[00:19:46GAPINTAPE]Veronica Lipgloss and the Evil Eyes: good name, and they looked it, sort of a camp-y Cramps riff on girl-group shtick that went way off the rails and turned into—well, not disco punk, but they were very dirty, and the drummer played the offbeats on the high hat. Bassist Kris Vlasic is an old-time Arizona rock N roller—so talented, actually, that he managed to move away and so cheerfully slimy that he found enthusiastic welcome in the sex parlors of decadent ghetto-dwelling art-school dropouts. That would be the two girls with shedding spangles hot-glued to their panties; one sang (one of those glass-cutting operatic falsettos) and the other did sexy dancing but wasn't really putting a lot into it. She was too polite: she pretty much gave the speaker tower a firm handshake and a kiss on the cheek.

[01:10:34GAPINTAPE]Ninety-minute wait for food at Casino Camino, plus lots of whiskey.

[01:32:12GAPINTAPE]Something in a street. There was a horse there. Possibly pizza.

[01:16:07GAPINTAPE]Rolling Blackouts played the same songs they've played for two years, plus two new ones. They need to get famous soon or at least land a residency on a cruise ship. (Oh, yes: the Willowz were at this show, bouncing around. Earlier, they'd played a solid set to a pile of lumber, a little kid and Keith Morris—now with trimmed, travel-size dreadlocks.) It's always nice to see the Blackouts—they're the friendly sort of guys who'll yank you off the street into a van and then put drugs in you.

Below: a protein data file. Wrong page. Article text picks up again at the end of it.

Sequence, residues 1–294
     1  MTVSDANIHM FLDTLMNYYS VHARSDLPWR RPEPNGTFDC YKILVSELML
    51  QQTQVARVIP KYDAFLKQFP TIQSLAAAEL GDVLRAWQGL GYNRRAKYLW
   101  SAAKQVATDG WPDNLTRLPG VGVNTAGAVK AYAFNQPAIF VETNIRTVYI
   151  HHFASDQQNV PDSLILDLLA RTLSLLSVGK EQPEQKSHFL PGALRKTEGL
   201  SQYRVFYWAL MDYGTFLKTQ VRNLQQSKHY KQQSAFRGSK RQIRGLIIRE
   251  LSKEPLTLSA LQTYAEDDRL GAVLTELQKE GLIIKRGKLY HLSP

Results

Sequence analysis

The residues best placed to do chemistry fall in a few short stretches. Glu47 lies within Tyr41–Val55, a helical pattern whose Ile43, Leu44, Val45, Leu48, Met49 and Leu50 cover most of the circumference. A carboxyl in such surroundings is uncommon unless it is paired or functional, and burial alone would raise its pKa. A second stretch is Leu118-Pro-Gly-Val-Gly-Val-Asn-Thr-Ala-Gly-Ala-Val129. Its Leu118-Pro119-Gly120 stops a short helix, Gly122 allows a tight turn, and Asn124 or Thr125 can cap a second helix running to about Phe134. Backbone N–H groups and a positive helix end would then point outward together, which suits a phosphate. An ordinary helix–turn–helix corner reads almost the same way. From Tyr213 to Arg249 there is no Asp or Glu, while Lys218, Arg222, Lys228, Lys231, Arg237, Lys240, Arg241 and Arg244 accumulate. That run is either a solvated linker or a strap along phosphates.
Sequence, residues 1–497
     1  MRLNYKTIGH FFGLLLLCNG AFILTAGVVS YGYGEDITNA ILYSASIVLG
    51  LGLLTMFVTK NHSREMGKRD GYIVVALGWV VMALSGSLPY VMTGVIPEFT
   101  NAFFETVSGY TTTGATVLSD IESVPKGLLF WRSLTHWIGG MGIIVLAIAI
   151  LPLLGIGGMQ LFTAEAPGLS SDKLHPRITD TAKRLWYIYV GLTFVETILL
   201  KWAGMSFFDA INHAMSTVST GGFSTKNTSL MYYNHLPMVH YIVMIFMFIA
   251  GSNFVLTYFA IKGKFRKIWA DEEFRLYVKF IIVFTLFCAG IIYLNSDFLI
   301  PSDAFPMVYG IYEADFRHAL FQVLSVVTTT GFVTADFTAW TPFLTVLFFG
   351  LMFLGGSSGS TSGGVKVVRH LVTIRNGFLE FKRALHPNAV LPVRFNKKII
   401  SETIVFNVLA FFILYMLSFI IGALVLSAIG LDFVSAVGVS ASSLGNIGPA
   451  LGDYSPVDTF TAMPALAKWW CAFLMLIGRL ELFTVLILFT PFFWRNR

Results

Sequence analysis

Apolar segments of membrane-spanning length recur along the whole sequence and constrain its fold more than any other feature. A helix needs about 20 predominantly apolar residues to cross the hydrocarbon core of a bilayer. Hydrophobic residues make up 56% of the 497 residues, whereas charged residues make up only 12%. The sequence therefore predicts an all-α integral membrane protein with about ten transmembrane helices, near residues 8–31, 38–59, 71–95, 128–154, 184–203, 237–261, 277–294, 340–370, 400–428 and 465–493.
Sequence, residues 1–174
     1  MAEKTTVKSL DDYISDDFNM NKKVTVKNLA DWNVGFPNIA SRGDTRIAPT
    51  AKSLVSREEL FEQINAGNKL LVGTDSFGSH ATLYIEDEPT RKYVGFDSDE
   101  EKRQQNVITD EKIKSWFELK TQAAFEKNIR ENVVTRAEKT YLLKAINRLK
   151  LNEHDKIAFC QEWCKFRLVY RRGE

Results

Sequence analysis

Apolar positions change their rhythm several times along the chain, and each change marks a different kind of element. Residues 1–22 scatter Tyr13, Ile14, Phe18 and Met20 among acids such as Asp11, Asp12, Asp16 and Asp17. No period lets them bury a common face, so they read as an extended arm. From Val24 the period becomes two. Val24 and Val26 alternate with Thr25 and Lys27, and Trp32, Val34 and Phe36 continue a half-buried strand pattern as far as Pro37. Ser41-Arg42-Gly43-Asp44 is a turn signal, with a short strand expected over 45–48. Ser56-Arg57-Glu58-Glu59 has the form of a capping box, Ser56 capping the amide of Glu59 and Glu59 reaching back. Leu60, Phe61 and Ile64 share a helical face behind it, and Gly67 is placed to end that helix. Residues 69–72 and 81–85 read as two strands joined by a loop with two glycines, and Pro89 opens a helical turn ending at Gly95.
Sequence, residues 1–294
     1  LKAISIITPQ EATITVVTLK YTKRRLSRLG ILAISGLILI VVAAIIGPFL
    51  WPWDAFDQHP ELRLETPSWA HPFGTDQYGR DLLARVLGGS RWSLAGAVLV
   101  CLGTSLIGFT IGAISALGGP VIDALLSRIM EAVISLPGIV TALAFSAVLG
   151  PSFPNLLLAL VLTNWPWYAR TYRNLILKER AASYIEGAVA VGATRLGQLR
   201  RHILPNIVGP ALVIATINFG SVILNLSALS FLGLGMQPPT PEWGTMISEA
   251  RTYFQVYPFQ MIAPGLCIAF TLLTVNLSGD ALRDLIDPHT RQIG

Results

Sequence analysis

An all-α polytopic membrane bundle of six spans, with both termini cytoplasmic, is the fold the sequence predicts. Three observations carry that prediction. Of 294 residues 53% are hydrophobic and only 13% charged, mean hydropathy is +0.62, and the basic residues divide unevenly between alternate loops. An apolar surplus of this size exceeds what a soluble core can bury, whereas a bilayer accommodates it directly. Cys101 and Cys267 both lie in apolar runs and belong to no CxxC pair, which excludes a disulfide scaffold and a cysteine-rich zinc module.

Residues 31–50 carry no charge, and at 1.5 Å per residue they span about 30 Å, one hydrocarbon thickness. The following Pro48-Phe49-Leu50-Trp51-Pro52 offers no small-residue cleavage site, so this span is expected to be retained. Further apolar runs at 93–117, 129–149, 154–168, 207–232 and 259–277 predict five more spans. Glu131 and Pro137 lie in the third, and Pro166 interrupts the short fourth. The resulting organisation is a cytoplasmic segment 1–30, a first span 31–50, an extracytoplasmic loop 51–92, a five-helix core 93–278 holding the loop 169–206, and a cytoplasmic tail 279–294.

[00:46:52GAPINTAPE]Some bar. People tip with change, sadly. Bartenders scoop in extra ice, angrily. Red and yellow lights.

[00:23:14GAPINTAPE]The Mae Shi are very efficient: three or four songs all at once, superconcentrated into something you'd download and decode if you could, but you can't, so you just listen. Thoughtfully arranged, carefully planned-out music, but after 20 minutes of guitarists running around in the crowd and drums that cut in and out on no discernible signal whatsoever, you may feel like you are being fucked with. Possibly that is the point.

[00:10:06GAPINTAPE]Dios Malos: sad songs by drunk dudes.

[00:14:37GAPINTAPE]Wives: refer to the Mae Shi, but they hauled a whole platoon of crazy people onstage. Girls with elaborate hair and bugged-out eyes, Mike Moran grinning through the viewfinder of a video cam, etc. “Bracing,” you might say.

[00:05:47GAPINTAPE]Mean Reds: “Suck by suck WORST!” they were yelling, wearing painters' smocks over jeans. They're ripping off Bad Brains, etc., a lot these days, which is a welcome graduation from ripping off Le Shok. Kids shooting for the stars—always a beautiful thing. LA royal rock sleaze holding court: Aoki, Frankie Chan, Cobrasnake, maybe Cali DeWitt, camouflaged by facial hair.

[00:08:45GAPINTAPE]Some SPINhouse party, but also some walking around, sleeping in a place or possibly a location. The night winks caustically, etc. Overheard later: “Give him some water so he won't die.”

Overheard: “Blog me shit, asshole!” Also: “Who was that sleeping on our floor last night?” Also: “All music is worthless garbage.” Untrue, actually—that last one's a famous quote. From, um, Heraclitus.